As climate change continues to create more extreme weather conditions around the world, droughts are becoming more and more common. If you live in an area that’s prone to droughts, it’s important to know how to grow vegetables that will be tolerant of dry conditions.
Choose the right varieties
When selecting seeds or starter plants, look for varieties that are drought-tolerant or heat-tolerant. Some examples of drought-tolerant vegetables include carrots, radishes, spinach, and turnips.
Amend your soil
Before planting, amend your soil with organic matter such as compost or manure. This will help retain moisture in the soil and make it easier for plants to absorb water when it is available.
Mulch your garden
Apply a layer of mulch around your plants to help reduce evaporation and keep the soil cooler. Organic mulches such as straw or wood chips work well and can also help improve the quality of your soil over time as they break down.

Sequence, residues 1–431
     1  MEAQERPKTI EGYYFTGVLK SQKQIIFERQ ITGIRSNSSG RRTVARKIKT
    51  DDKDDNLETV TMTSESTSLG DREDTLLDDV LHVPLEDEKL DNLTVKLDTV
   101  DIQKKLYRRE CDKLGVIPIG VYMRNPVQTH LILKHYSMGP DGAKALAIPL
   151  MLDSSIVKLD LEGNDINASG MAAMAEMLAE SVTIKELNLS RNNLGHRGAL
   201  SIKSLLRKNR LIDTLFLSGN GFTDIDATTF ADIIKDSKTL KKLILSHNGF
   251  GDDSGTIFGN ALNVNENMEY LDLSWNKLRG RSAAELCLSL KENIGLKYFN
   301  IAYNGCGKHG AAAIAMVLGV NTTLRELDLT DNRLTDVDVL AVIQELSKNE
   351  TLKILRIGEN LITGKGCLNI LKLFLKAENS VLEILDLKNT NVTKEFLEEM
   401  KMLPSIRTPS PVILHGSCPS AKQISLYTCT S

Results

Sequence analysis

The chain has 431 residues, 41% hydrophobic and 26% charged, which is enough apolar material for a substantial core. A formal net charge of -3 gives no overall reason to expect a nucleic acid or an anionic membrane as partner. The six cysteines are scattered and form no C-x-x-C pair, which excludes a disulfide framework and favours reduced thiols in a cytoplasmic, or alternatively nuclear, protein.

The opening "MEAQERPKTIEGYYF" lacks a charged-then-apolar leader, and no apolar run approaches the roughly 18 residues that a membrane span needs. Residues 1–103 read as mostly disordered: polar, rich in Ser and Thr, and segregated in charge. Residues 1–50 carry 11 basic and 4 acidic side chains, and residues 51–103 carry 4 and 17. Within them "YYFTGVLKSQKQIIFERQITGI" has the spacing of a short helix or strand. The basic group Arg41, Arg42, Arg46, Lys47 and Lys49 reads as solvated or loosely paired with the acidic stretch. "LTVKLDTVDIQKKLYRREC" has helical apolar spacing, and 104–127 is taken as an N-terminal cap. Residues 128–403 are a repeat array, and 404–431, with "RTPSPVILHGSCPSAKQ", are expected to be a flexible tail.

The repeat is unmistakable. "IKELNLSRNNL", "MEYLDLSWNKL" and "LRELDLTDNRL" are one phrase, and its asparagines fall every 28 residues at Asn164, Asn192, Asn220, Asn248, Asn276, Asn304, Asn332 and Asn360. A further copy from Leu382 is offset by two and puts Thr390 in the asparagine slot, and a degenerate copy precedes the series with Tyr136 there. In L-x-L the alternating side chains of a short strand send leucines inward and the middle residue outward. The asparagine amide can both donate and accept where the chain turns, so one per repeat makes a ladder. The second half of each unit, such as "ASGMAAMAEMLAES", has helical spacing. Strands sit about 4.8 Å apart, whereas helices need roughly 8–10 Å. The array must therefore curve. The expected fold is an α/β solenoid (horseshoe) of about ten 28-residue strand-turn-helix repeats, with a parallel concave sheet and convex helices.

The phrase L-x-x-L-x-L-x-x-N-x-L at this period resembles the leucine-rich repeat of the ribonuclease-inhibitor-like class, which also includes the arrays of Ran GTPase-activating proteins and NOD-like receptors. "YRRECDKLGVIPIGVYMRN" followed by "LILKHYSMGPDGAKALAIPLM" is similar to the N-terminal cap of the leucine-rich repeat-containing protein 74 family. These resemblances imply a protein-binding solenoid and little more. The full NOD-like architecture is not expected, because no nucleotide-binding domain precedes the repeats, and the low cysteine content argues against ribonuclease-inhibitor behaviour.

Water deeply and less often
When you do water, make sure to give your plants a deep watering so that the roots have enough moisture to last them through several days of dry weather. Watering less often will also encourage plants to develop deeper roots which will make them more drought-tolerant.
Be prepared for pests
Drought conditions can also lead to increases in pests such as grasshoppers and aphids. Be sure to regularly check your plants for signs of pests and take steps to control them if necessary. Pest control measures such as insecticidal soap or row covers can help keep your garden healthy even during a drought.
Droughts are becoming more common due to climate change, so it’s important to know how to grow vegetables that will tolerate dry conditions.
By choosing the right varieties, amending your soil, mulching your garden, watering deeply and less often, and being prepared for pests, you can successfully grow vegetables during a drought.